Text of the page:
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The technique that I use for force-feeding is to use the back of my left hand to hold them down in their nest (you can also wrap them in a towel if need be) while cradling their head between the middle and ring fingers. You need to extend the neck and head from the body (straighten it up) if you're going to tube feed all the way to the crop. You take the fingernails of the right hand and pry the beak open and then use the unused fingers (index and thumb) of the left hand (that's still upside down holding the bird's body down while cradling the head at extention) to hold the beak open while you either roll seeds down or insert the syringe.

If you pick a line of insertion that points the tip slightly towards the back of the throat as it's going past the opening to the trachea (airway), you won't have a problem with that. It's also a little better to insert the tube on the left side of the beak (the bird's left) and cross it a bit to the right side (the bird's right) as the esophagus goes down the right side of the bird's neck (the bird's right).

Most birds will struggle, some ferociously. The authority with which you hold the bird is very important. If you let them struggle too much, you'll either chicken out and the bird won't get fed; it'll be a real sloppy job with food all through the mouth, crop and esophagus possibly resulting in the bird breathing in some food (aspiration) and getting very sick or dying (sometimes immediately); or you can hurt the bird's esophagus to the point of rupture in the extreme. You just don't let the bird struggle. If they're going to play rough, then you wrap 'em in a towel for restraint.

If you're in doubt as to getting it down the airway then first open the beak real wide so that you can see where the airway is and how it's situated. It's a longwise oval slit just behind the base of the tongue. It can close completely. If you're desperately afraid you're going to go into it, then make sure the tube is clean before you go in, insert it some ways and then hold the bird's beak open enough to look in and make sure you've got it going the right way before you start pumping stuff in. After you get used to the technique, it's pretty quick and easy.

The "equipment" that I use is easy to get from a store like Home Depot, Lowe's or other hardware stores. It's simply electrical heat-shrink tubing that is generally used to slip over a portion of bare wire that you want to cover and then heat with a blow-dryer-like device. That causes the tube to shink. For our purposes here, there's no need to shrink it--you just pick the size that can be slipped over the nose of a syringe you're using and start using it. I usually do almost heat the business end to shrink the very front (the end that's leading the way down the pigeon's gullet) just to make it bullet-nosed but that's not necessary. It's pretty easy to overdo it when you're heating the end but you just almost but not quite touch it to a lit match for the splittest of seconds. Anyhow:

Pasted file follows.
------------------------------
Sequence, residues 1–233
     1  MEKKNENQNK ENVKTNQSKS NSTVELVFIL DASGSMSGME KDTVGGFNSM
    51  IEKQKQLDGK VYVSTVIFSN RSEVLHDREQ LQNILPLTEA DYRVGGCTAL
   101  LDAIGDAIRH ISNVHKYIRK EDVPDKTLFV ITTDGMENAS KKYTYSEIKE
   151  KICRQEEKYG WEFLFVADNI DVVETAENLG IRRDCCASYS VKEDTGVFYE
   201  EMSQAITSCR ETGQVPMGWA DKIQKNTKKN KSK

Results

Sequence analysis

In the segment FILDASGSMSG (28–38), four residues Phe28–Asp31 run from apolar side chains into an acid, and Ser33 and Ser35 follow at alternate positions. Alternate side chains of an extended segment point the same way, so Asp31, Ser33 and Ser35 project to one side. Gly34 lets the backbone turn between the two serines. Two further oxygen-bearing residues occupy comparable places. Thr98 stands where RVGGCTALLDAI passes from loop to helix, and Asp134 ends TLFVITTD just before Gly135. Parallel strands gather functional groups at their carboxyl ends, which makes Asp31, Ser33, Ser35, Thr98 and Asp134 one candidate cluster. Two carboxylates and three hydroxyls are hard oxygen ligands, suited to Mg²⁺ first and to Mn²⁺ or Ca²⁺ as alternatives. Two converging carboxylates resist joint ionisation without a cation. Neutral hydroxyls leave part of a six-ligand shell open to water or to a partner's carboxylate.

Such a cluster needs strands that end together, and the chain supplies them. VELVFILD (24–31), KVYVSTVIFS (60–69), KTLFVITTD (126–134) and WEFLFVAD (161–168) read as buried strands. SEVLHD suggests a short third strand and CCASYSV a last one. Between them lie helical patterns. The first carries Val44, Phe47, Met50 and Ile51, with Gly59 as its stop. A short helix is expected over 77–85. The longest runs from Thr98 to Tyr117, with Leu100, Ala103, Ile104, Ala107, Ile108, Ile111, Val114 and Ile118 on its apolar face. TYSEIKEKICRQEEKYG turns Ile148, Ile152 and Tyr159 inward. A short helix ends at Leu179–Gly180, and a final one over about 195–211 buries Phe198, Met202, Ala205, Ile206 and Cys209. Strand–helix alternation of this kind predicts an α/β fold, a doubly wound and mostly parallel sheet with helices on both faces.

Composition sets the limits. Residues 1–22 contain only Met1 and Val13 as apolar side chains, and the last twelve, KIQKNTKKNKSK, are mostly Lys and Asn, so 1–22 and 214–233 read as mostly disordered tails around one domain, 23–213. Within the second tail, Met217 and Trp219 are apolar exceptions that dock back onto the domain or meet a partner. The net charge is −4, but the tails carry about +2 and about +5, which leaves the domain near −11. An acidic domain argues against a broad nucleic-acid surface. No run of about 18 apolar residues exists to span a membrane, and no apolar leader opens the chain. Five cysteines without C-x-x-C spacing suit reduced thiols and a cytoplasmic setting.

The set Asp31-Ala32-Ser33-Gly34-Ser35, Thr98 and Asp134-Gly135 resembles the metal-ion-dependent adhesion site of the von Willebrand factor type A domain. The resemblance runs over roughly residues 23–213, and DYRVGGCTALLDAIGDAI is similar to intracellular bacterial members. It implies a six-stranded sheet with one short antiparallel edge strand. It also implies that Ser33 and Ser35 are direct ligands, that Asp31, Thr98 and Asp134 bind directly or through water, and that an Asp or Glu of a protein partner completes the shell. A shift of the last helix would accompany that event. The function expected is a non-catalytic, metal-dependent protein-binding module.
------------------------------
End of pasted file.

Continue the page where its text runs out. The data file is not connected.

http://community.webshots.com/photo/548021569/2230231940073664377yNkprq
 

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THis is a link to a video of tube feeding:

http://www.youtube.com/watch?v=HulTENCRFvU

It was done oin a hurry for a friend,and without a script so please excuse any lack of professionalism.

If anyone else has videos, photos or instructions it would be good if they could be added so that we can all learn a bit more from each others techniques.

Cynthia
 

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Thanks for the video, Cynthia!

Wonderful video.

Question: is the lower end of the tube (the end which is inserted down the throat) --

(1) simply a rubber tube cut straight across the diameter of the tube, or

(2) at a bevel, or

(3) somehow rounded off, or

(4) is the end fused and a hole on the side of the tube showing?

And what do you lubricate the end of the tube with?

(a) The Kaytee Exact Formula? (I need to find an equivalent liquid formula or fine powder here in Germany)

(b) Petroleum jelly or Vaseline®? or an oil?

I didn't think such a narrow tube would work (at least not for the consistency of the food I have prepared).

I think any pigeon would relax, hearing such a nice voice such as you have (flattery -- no. Honesty).

Thanks,

Larry
 

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Hi Larry,

I once had lessons in public speaking but the feedback was that I would make a good hypnotist as I would send my audience off to sleep. So I keep my conversations brief.:D

The tube that I use is the bottom end of a parrot feeding tube that is sold by Vetark. The top end of the same tube can be used with the 30ml syringe for a thicker mix.

http://www.noahs-cupboard.co.uk/detail.asp?catno=8&pnum=A2A5F

It is rounded at the bottom with a hole in the side. However, Les (A Wing And A Prayer, for whom the video was made initially) has rounded off the end of a rubber tube cut in the middle, using fine sandpaper.